Lot 54–D 328

Memorandum by the Deputy Director of the Office of European Affairs ( Hickerson ) to the Secretary of State


According to the Italian Embassy, De Gasperi will want to talk with you on the following matters:

Italian Colonies: De Gasperi will again ask US support for the original French plan of an Italian trusteeship over the former colonies when the CFM Deputies meet to discuss this problem.
Surplus Italian Naval Units: De Gasperi is most anxious that we permit the Italians themselves to scrap the surplus naval vessels allocated to the US.
Yugoslav Attitude on Italian Treaty: The Prime Minister will endeavor to explain why the Italians feel they can sign the treaty only if the Yugoslavs also sign, and will ask your opinion of the probability that the Yugoslavs will accept the treaty.

These are all questions which have a great influence on Italian public opinion, and De Gasperi feels that favorable answers to them will go far towards pacifying the political uneasiness in Italy, and thus strengthen the moderate element.

In addition, the Prime Minister will probably mention some of the economic matters which he will take up in greater detail with Mr. Clayton:

Eximbank Loan: To the Italians, this much discussed subject has become a barometer of American confidence in Italy. When the press reported some weeks ago that the loan was off, lira quotations suffered their worst break to date, and rose again only after your statement that the loan was still under consideration. De Gasperi feels that the loan has now acquired an importance far beyond its financial significance, and is therefore the greatest single factor in what we do for Italy.
Purchase of More Liberty Ships: Italy now desires to buy another 50 Liberty ships, in addition to the 50 already contracted for.
Return of Italian Assets in US: We are committed to the return of the major part of Italian assets in the US, and there remains only to work out the method by which this will be done, possibly in a general financial settlement between the two governments. It is hoped that we can tell De Gasperi while he is here that we intend to cancel Italian indebtedness for the civilian supply program; that an additional [Page 838] $50 million in the non-troop-pay account is now available for the Italians; and that arrangements have been completed for the use by Italy of the two Conte ships for repatriation of prisoners of war and the emigration of displaced persons from Italy to places of re-settlement in South America.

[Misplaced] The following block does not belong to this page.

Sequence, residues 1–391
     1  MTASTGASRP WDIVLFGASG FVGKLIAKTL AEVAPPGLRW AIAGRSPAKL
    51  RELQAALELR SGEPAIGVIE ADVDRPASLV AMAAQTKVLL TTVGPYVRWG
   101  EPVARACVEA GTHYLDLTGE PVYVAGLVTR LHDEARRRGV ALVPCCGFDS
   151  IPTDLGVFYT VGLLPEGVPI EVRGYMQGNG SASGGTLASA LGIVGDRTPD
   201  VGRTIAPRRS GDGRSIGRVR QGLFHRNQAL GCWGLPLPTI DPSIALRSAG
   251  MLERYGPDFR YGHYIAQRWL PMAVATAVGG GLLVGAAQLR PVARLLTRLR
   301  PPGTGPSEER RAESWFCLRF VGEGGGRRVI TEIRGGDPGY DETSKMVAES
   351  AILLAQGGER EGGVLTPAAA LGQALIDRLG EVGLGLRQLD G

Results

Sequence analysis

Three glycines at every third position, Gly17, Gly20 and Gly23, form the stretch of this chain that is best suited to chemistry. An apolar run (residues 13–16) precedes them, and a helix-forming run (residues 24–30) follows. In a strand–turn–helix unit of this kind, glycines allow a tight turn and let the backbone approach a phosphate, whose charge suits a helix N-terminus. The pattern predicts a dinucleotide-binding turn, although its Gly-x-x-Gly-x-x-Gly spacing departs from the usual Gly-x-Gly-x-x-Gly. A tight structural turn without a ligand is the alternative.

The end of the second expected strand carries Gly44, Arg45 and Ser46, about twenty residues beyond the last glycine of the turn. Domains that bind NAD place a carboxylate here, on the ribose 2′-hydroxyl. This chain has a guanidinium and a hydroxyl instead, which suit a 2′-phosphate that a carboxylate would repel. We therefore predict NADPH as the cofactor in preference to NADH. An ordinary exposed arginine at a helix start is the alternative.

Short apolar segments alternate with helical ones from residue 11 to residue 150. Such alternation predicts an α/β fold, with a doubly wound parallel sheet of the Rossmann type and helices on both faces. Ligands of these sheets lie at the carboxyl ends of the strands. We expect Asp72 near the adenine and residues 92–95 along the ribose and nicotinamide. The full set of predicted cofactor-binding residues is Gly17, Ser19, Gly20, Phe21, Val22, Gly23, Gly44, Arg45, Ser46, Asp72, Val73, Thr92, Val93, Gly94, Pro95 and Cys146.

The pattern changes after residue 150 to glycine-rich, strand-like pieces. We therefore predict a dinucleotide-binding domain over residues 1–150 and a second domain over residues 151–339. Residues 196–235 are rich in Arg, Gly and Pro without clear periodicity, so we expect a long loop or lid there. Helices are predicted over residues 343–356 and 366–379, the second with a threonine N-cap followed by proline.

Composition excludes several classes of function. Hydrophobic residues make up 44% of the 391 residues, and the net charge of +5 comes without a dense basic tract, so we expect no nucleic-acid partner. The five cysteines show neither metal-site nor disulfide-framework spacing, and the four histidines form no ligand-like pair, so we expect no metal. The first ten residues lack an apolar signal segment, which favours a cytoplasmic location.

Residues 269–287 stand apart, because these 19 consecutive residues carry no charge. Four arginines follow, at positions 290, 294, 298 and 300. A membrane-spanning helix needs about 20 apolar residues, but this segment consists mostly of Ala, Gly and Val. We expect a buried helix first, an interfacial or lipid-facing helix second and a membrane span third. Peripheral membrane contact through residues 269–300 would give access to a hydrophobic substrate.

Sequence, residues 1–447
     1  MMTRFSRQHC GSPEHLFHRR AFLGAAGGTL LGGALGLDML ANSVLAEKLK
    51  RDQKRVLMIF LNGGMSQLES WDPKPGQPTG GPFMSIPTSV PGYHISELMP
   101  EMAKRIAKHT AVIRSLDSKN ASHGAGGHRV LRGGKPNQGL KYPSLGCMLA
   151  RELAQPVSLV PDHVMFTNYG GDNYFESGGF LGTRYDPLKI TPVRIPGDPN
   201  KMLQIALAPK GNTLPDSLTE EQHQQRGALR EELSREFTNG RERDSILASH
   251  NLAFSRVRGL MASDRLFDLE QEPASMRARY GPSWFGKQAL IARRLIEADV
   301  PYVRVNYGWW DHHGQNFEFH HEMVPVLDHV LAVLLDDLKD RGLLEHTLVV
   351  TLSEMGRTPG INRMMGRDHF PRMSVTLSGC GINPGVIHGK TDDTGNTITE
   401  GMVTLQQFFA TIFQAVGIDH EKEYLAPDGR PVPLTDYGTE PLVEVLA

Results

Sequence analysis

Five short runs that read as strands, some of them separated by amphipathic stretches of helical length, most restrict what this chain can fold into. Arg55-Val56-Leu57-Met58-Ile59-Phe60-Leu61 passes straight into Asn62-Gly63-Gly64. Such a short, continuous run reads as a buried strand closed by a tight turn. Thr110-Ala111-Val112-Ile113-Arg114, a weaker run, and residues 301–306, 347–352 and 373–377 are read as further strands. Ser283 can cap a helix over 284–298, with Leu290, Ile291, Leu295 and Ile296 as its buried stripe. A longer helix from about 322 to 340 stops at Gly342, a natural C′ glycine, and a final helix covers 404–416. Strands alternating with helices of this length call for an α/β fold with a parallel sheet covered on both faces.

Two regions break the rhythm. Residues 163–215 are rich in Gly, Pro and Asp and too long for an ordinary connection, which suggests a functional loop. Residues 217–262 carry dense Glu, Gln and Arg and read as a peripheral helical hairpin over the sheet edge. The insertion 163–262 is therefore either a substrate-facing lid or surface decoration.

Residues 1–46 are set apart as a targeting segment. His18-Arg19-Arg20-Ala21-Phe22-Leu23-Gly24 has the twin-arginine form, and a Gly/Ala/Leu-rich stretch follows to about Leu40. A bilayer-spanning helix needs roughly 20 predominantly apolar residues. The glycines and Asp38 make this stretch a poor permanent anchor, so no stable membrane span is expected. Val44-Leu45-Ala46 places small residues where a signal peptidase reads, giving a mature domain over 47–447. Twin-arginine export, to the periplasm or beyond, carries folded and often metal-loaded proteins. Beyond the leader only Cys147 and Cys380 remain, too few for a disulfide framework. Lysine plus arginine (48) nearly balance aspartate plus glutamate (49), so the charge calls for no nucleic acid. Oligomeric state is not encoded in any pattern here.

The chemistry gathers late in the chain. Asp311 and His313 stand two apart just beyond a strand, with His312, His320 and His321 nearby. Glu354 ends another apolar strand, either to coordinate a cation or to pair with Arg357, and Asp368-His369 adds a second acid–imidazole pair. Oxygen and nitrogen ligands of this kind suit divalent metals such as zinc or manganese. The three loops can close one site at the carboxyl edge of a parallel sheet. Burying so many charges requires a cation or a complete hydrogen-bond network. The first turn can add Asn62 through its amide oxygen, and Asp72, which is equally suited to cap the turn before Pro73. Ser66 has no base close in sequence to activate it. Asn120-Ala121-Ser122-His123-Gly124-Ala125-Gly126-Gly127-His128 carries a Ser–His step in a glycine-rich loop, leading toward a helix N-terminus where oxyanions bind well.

You may wish to suggest to De Gasperi that he discuss with Mr. Clayton the negotiation of a new commercial treaty to replace the modus vivendi of 1938 [1937].1 An outline of our proposals can be given to the Italians now, and our draft of a treaty can be presented to them in a few weeks.

Finally, the Prime Minister can be expected to talk to everyone in sight about wheat and coal, which are of prime importance to Italy. Fortunately, the prospects for increased shipments of both commodities seem somewhat brighter, and of course we will do the best we can to meet Italian essential requirements.

John D. Hickerson
  1. Throughout 1946 Mr. Dunn had served as Deputy in the meetings of the Council of Foreign Ministers and in the meetings of the Deputies in the negotiations of the treaties of peace with Italy, Rumania, Hungary and Bulgaria. Although he had been designated Ambassador to Italy on July 25, 1946, he did not present his credentials in Rome until February 6, 1947.